Suddenly, a burst of static appeared on her console, followed by corruption of the data coming from the heart monitor. The audio taps on Zoë's auditory nerve crackled with artifacts and static, and then abruptly…stopped. The link went dead.

"What the hell is this?" Chang said to herself. "EYE infil? That can't be…" She tried sending the re-engagement/reboot command to the bug, but it wasn't responding. She examined the crashlog dump file, and then she noticed that even while transmitting heavy static and interference, the bug did not report any failure.

"Jamming," Chang resolved. The utterance of that word evoked a memory of an event that occurred during her tracing of Zoë through the two weeks between first and final contact:

The bug was the result of incredible – but off-the-radar – advances in JIVA bioneering, as ordered by mother company WATIcorp. A cloud of nanomachines circulated in the bloodstream rather than a single, crude device, the bug accessed the optic and auditory nerves directly, enabled selective touch reception through the spinal cord, and could record data directly to the bugged subject's memory centers, without being noticed at all. It used no other power source other than glucose in a subject's bloodstream. Through a combination of advanced placement, organic construction, and low-level undetectable jamming, it could never appear on even the most advanced medical scanners, unless the user knew exactly what to look for. Ironically, however, these advances were laid on an almost legacy (for the company's purposes) processing platform, because of the need for reliable universal immune acceptance. Newer "mainboards" (the term was a carryover from the days of old motherboard-needing computers) were "disliked" by some human bodies, and a bug that didn't work on everyone was unacceptable. As a result, very high-end jamming could defeat the bug, and strong EMP could possibly break it – although the subject would die along with it.

Helena Chang was confused. Every time Zoë took a right turn at the end of the street of Jardin des Roses towards the market square, her link to the bug would display some minor interference. Now this could easily be attributed to the Static. Zoë, however, took lots of rights at the end of Jardin des Roses, and going back she took lots of lefts as well. Each of those turns, at that corner, resulted in a burst of noticeable static. What was going on?

The answer to this came when Zoë did not take a turn at that corner. Instead, she entered the little business establishment of her best friend, Olivia DeMarco. Alien the Cat. Full of everything. Both legal and contraband. And did it help that Olivia was a heavy hacker herself? After one of Zoë's visits to Alien the Cat, Chang could no longer work her tap on Zoë's mobile. Some military-grade cloaking software was installed.

But the real thriller was when Chang watched as Zoë entered the store. She had a brief glimpse of the contents – old Watilla shells, memory modules, Chinese mobiles – right before her link to her bug was killed. Quite magically, the bug began transmitting again immediately after Zoë left the store. There was an obvious conclusion to this.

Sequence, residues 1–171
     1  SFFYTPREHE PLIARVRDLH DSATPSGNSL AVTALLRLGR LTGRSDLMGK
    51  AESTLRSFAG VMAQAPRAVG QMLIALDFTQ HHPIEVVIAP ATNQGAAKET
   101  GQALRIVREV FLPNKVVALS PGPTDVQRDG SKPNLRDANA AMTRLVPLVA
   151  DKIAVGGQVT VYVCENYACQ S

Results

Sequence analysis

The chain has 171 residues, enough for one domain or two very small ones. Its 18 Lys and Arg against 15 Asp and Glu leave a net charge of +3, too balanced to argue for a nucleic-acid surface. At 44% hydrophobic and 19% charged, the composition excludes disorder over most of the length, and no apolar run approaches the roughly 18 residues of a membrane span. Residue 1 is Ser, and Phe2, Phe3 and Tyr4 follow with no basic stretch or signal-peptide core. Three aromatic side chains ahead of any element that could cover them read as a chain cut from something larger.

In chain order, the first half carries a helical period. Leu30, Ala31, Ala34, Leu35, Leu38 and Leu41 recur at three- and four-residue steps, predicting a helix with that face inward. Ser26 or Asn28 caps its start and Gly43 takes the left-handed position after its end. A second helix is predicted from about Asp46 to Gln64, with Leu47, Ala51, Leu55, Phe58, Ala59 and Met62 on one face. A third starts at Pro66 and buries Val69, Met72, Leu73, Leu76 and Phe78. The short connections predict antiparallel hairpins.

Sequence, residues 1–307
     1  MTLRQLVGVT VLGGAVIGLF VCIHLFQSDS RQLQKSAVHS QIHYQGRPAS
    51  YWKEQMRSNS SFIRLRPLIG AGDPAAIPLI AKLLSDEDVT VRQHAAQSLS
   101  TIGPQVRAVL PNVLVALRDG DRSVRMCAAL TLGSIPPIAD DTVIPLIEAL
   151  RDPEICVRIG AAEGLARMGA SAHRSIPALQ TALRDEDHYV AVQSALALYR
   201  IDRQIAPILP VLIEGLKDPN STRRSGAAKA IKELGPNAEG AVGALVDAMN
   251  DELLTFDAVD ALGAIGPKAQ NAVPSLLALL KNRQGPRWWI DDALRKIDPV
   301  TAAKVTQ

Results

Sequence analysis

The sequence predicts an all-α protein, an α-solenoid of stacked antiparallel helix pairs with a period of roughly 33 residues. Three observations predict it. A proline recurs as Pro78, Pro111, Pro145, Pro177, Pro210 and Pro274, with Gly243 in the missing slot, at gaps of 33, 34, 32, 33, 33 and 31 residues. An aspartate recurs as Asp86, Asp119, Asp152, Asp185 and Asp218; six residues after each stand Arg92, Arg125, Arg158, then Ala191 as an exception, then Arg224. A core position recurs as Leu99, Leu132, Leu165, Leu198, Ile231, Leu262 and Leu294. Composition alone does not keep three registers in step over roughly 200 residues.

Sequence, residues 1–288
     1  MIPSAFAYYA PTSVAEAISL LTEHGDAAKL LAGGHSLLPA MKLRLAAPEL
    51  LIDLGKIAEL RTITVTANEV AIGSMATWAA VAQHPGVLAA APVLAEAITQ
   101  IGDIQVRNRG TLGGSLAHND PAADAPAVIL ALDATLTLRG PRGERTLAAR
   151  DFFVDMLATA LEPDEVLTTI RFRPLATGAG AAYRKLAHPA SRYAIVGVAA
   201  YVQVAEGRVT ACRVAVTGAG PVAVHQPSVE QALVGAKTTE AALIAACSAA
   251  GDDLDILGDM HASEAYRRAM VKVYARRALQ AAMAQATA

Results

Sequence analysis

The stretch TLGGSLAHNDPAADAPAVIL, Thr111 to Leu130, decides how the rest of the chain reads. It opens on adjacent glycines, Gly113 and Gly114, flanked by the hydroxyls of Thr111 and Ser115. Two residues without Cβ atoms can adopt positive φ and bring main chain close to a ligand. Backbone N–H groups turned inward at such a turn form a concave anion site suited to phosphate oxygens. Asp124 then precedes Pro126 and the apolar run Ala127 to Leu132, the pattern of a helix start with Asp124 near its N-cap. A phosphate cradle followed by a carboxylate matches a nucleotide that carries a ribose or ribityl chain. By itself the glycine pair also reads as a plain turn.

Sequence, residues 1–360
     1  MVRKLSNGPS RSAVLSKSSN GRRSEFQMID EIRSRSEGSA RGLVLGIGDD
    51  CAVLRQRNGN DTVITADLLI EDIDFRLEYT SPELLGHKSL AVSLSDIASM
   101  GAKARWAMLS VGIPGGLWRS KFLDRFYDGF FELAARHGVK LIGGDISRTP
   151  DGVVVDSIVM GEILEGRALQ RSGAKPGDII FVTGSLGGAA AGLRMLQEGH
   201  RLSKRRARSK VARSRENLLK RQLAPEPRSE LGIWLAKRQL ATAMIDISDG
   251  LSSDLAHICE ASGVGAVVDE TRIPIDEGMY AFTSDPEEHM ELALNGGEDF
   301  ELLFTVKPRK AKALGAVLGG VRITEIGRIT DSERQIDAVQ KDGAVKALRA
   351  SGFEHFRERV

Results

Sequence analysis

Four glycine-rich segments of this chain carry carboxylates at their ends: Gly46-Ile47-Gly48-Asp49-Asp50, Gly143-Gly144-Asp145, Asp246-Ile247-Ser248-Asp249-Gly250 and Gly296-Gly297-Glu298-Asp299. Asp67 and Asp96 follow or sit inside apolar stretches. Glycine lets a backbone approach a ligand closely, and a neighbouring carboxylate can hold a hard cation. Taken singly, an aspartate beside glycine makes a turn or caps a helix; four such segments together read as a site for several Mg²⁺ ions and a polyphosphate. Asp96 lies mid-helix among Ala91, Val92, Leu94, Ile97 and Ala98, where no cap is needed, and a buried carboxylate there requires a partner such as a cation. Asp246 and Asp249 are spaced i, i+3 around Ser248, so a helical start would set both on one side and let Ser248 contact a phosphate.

"Jamming," Chang had resolved.

"Olivia DeMarco." Chang replayed all of Zoë's conversations with Olivia over her mobile. Olivia knew lots of things by now: at JIVA Zoë was attacked; WATIcorp was somehow involved; and the notes of Reza Temiz. What were in those notes?

"Shit." Chang swore in a rare instance. "Dreamer Console. Morpheus. He'd gotten them all. They were all in his notes. Olivia must have decrypted them all. But she's in hiding." Yet it didn't seem so impossible. That was three months ago.

Chang tried to piece things together, looking back at the archives. Then, something. It was the open window of the video log of Zoë's first visit to Alien the Cat. Apparently, Olivia had been in the backroom for a while, and Zoë took the time to look around. Yes, that was how Chang got that brief glimpse of the contents of the store. The jamming was active, and stronger than it was outside, but still it hadn't died. Until-

"Hi, sweetie." At that point, the link was terrible. Then it died. Thinking back, Chang remembered that Zoë had met Olivia outside of the store once, and there was static again. So the clear thing now was that the high-grade jamming had not come from the store at all. It was an interference field, radiating constantly from Olivia DeMarco.

Who most likely was in Zoë Castillo's hospital room right now.

It is unsure, but maybe Chang smiled a bit.


The sunlight streamed through the window in golden shafts, breaking where the blinds occluded the light. Long, yellow shadows were draped across Zoë's face and body, lending a kind of glowing, vivacious aura to an otherwise somewhat lifeless girl. She breathed in little steps that always seemed insufficient, and a heartbeat monitor that gradually fell to the lower forties in bpm was a metronome to the slowing tempo of her hold on existence, and bore testimony to the dampening of her life.